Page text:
Swine Disease, Politics, and the Prohibition of Pork

Since last few days,  people of  this planet earth were jolted  by the news of the out break of ” Swine Flu”. According to the wire news, the original clusters of  out break started in Mexico. It seems that the “Swine Flu” virus has mutated pretty fast to be able to spread among the human.

There are more than enough information about “Swine Flu” in the media. But so little was mentioned  about prohibition of eating pork among the religions.

I have found the following post from Islam online, which was posted a year ago.But for those who wish to know the teaching of Islam, I hope the following post will shed the light.

regards,

Kyaw Kyaw Oo

Copied from Islam online.net

by Amel Abdullah

Freelance Writer – United States

It is commonly known that Muslims, Jews, and some Christians do not eat pork. In the Bible (King James Version), one can read,

And the swine, though it has a split hoof completely divided, yet it chews not the cud; it is unclean to you. Of their flesh shall you not eat, and their carcass shall you not touch; they are unclean to you. (Leviticus 11:7–8)

And among other verses in the Qur’an addressing the issue, we read,

[He (Allah) has only forbidden you dead meat, blood, the flesh of swine, and that on which any other name has been invoked besides that of Allah. But if one is forced by necessity, without willful disobedience or transgression of due limits, then he is guiltless. For Allah is Forgiving, Most Merciful.] (Al-Baqarah 2:173)

According to an authentic saying of Prophet Muhammad (peace and blessings be upon him),

The trade of swine is also prohibited in Islam (Al-Bukhari: Volume 3, Book 34, Number 438).

Peoples of various faiths and backgrounds often express curiosity about these restrictions on both diet and trade. In many places, pork products, such as pigs’ feet or certain kinds of sausage, are considered delicacies. They are such an integral part of these cultures’ cuisines that people often do not comprehend why this meat in particular is singled out for prohibition.

Muslim scholars are typically cautious in their response.

Unlike the Bible, which (in the English translation) explicitly calls the meat and carcass of swine unclean, the Qur’an (Al-An`am 6:145) describes it as rijs, an Arabic word denoting impurity or — according to Sheikh Muhammad Salih Al-Munajjid, a prominent lecturer and author residing in Saudi Arabia — “anything that is regarded as abhorrent in Islam and according to the sound human nature.” (Al-Munajjid)

Although pigs are associated with numerous zoonoses (animal diseases that can be transmitted to humans), rijs can be spiritual or physical. Thus, most scholars say that the potential for pigs to infect humans with diseases is not automatically the reason for prohibition. Obeying the commandments of Allah is also an expression of a believer’s faith.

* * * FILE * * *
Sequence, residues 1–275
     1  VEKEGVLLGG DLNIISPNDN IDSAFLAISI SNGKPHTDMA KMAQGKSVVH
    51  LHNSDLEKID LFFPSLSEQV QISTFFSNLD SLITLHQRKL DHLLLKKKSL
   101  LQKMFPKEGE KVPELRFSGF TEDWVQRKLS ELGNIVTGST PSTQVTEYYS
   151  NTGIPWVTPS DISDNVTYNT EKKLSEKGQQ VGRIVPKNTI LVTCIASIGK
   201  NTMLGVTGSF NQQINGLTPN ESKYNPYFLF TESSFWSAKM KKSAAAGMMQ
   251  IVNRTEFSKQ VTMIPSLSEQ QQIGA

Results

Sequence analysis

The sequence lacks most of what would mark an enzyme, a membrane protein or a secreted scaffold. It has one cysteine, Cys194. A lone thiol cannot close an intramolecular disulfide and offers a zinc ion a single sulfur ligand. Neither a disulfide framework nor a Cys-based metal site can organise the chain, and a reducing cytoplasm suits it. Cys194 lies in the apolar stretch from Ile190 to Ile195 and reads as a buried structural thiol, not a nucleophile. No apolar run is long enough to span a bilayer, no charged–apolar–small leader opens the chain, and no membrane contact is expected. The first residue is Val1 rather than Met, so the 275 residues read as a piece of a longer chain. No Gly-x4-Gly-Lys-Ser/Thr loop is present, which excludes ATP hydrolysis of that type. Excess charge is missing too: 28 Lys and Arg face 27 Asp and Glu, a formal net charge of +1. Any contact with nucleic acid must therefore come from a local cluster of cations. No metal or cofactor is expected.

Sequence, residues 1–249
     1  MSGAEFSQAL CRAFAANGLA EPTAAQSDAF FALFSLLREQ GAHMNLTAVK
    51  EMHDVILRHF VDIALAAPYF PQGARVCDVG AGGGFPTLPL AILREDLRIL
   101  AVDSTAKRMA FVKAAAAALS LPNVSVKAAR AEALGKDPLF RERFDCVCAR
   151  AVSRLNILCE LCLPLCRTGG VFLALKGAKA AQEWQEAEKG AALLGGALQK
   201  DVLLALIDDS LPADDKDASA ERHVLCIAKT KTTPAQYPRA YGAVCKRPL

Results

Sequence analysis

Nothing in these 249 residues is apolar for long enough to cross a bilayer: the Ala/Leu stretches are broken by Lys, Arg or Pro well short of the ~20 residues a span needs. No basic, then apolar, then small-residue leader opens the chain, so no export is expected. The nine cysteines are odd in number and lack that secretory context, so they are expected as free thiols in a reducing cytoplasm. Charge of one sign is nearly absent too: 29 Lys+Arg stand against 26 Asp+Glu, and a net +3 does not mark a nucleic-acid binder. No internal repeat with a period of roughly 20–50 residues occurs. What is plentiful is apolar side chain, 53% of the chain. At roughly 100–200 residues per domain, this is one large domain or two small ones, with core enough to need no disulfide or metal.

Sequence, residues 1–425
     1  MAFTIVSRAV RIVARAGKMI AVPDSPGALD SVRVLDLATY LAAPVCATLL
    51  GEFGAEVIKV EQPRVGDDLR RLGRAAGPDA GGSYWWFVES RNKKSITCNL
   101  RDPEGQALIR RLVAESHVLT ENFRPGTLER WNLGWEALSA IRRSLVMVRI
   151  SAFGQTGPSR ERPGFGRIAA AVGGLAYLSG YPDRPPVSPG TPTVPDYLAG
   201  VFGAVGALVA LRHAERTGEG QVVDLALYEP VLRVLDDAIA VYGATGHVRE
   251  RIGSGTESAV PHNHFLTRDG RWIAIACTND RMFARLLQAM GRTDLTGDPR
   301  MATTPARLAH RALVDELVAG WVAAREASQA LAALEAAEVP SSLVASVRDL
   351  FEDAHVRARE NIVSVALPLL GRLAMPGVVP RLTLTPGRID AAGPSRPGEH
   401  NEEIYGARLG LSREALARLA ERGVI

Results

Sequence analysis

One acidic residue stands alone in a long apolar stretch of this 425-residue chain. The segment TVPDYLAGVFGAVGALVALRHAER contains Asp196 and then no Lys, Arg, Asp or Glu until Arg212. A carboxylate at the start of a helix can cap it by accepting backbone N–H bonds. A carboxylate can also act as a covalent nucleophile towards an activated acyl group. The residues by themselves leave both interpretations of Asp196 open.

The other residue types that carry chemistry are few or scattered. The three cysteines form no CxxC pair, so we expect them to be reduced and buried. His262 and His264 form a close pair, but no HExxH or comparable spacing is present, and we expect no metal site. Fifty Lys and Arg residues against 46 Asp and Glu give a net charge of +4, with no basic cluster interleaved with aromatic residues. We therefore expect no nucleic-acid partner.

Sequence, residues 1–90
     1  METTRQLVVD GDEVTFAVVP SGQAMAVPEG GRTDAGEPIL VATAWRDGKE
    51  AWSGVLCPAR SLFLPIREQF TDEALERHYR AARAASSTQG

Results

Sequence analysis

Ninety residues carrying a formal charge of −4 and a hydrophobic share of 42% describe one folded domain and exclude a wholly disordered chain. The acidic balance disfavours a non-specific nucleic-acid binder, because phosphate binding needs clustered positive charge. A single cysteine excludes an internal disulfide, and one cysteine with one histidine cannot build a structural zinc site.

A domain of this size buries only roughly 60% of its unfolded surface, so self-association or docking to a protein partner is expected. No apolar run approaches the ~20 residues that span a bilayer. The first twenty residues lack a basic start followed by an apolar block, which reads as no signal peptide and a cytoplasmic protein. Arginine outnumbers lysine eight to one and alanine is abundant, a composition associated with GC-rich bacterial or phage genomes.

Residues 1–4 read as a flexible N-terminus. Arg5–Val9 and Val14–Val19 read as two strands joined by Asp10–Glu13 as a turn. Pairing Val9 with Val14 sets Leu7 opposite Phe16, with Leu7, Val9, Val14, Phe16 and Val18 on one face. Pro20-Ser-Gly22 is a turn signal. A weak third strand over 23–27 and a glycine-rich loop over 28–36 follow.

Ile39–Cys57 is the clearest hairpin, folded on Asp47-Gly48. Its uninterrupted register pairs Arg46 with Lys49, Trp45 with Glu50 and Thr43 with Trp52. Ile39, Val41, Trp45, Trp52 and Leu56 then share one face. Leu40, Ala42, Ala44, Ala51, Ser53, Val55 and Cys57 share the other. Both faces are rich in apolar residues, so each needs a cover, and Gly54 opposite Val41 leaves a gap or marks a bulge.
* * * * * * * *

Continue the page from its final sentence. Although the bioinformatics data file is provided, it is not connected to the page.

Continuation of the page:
However, we know from the Qur’an (Al-A`raf 7:157) that Allah’s laws are not arbitrary. It is therefore only natural for people to seek out the possible wisdoms behind these laws from worldly (scientific) sources. Doing so is in line with Islam’s emphasis on seeking knowledge and taking the time to reflect on the intricacies of Allah’s vast creation.

In the case of pigs, there are certainly many “worldly” reasons not to consume their meats or come into contact with them.

Pigs are highly adaptable and will generally consume anything available, ranging from plants, leaves, grasses, worms, snails, and eggs to rotting carcasses, excrement, garbage, disease-ridden rodents, and other animals (Dewey and Hruby).

Pigs have played a role in the waste-management systems of many countries. In the US, for example, pigs were once allowed to roam the streets in order to eat garbage of all types, and the early 1900s saw numerous “piggeries” established to help manage the country’s mounting garbage problem.

They Eat Anything

Through the late 1960s, garbage and offal were fed in the most hideous of conditions to pigs making piggeries a prime breeding ground for diseases and causing the spread of trichinosis (a type of roundworm infection) in the human population (Hickman and Eldredge; Milestones in Garbage: A Historical Timeline of Municipal Solid Waste Management; Trichinosis).

When other disease-infecting pigs (with vesicular exanthema) threatened to wipe out the pig population of the nation’s piggeries, new laws were enacted, stating that the garbage fed to pigs had to be cooked instead of raw. In many US farms, cooked garbage still makes up the staple diet of the hogs that are later slaughtered and put on the market for popular consumption.

Modern piggeries are now called swine “garbage-feeding facilities” and are regulated by the government; however, these regulations generally do not apply to individual pig farmers, who may feed various types of household waste to their pigs at home (Hickman and Eldredge; Swine Garbage Feeding; Mebus).

Although one may think of the old-style piggeries as an unfortunate chapter from the ignorant past, pigs as raw-garbage collectors are still a reality in some areas of the world.

In Cairo, Egypt, for example, about a third of the city’s trash is collected by a network of Coptic Christians who have worked in the industry for decades. By hand, the trash collectors bring the garbage to run-down areas of the city, where they work to separate items that might be sold or recycled. The remaining “organic” refuse is then fed to pigs, goats, and dogs, which roam the slums as scavengers (unlike pigs, goats may express interest in garbage but don’t actually eat it). According to one report, pig meat from the slums is then sold to restaurants and hotels catering to Westerners (Epstein; Is It True That Goats Eat Anything?).